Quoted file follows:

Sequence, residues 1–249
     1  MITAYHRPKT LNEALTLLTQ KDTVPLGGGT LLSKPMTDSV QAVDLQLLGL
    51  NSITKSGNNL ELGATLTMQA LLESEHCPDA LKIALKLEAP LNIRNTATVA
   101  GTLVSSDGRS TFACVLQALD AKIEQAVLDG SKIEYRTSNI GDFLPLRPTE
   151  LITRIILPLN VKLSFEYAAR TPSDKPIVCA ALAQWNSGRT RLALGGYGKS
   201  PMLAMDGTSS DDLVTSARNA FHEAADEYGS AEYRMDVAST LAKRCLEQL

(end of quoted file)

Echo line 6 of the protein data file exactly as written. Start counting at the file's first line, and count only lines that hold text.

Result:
   201  PMLAMDGTSS DDLVTSARNA FHEAADEYGS AEYRMDVAST LAKRCLEQL